Thankfully, she turned it around for the last two practices, really rising to the occasion. On the second to last day, they did a few scrimmages and Lehr caught this awesome clip. It totally shows who Ruby is at the core of her being: a champion for others. That kid on the other team ran by her to score a goal and all Ruby could think to do was cheer her on. Love. Her.
On the last day she had a great time maneuvering the ball around when asked and joining in a little scrimmage at the end again. Here is a video from her last day:

Tuesday, November 01, 2016


The kids were the ones to suggest a family costume this year, so this girl was all kinds of excited. Early in the summer they decided on Star Wars, Force Awakens version. We pulled up photos of our characters and figured out which specific pieces we needed to buy or could make. Then I went to countless Goodwill stores over the course of the next few months. Eli's was a no-brainer to pull together, but Maddux's and Ruby's were trickier. The weekend before the Little 5 Points parade, I caved and took them to Target. All three for $20 each. Honestly, cheaper than it would have been to make them, likely.
In the end, Lehr didn't end up dressing up - we just couldn't pull his Han Solo together. Next year is his year, he says.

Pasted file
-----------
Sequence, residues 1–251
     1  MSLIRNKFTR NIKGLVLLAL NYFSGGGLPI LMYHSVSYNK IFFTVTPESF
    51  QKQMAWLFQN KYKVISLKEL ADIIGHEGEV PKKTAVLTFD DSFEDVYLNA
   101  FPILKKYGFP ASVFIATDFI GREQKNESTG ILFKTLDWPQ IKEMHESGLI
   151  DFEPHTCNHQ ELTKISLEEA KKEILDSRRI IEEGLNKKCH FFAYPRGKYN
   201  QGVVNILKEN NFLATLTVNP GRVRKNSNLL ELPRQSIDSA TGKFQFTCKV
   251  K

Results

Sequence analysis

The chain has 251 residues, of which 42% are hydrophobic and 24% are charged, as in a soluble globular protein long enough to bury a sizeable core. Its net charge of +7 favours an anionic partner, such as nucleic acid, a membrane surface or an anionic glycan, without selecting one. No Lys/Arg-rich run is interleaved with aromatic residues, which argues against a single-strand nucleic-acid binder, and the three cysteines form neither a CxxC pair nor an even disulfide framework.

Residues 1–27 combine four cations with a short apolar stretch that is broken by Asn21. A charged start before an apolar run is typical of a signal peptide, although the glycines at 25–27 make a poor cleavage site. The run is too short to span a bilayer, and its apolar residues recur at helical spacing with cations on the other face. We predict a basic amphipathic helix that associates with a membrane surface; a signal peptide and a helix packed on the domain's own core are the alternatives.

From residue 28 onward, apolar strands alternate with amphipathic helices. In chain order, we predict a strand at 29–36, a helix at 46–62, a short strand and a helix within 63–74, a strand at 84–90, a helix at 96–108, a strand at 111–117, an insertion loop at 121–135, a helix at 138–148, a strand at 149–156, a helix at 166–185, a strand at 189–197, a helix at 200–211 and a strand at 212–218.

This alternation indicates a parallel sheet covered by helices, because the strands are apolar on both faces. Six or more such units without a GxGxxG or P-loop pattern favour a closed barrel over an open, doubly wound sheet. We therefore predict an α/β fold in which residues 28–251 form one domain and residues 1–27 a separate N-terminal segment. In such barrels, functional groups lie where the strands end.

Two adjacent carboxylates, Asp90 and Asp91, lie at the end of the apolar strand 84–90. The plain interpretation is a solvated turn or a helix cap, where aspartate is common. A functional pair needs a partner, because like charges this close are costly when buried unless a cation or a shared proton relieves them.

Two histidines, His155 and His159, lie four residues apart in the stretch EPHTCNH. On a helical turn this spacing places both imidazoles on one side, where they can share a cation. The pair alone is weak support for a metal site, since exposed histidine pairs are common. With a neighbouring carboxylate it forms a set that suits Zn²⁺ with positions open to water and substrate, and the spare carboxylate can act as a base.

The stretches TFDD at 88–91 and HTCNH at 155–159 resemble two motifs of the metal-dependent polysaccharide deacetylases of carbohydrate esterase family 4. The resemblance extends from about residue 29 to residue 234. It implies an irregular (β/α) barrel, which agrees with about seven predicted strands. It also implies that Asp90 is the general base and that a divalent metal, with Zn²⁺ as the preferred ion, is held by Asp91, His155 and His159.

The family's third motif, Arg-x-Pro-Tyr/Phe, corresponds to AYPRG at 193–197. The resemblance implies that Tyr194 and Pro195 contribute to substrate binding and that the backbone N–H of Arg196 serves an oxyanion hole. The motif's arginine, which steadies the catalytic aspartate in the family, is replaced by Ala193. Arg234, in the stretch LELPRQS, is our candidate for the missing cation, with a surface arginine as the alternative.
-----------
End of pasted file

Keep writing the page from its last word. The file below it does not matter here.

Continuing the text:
Ruby was allowed to dress up for school; I went with the bat fairy from last year for school because it was less likely than her 'real' costume to come home stained. After a quick Halloween party, the parents got to take the kids around the parking lot for a trunk-or-treat. Given the afternoon ahead of us, I didn't want to stick around too long for that (Ruby needed a nap!), but we did hit a few cars. And wow...they were awesome! So many parents took the Trunk thing to a whole new level!
The kids had a great time on Halloween, even though it was a Monday night. We did our annual neighborhood thing and 'paraded' down to the pool for pizza followed by trick-or-treating. Everything started right on schedule and we got started on the main event earlier than usual.

We brought a wagon for Ruby; I was not going to be able to carry her much and there was no way she could walk all that way. (It's a mile just from our house to the pool.) She got out every few houses and trick-or-treated with Lehr or one of the kids. She loved every second of it. A few lollipops, but no major damage in the candy department.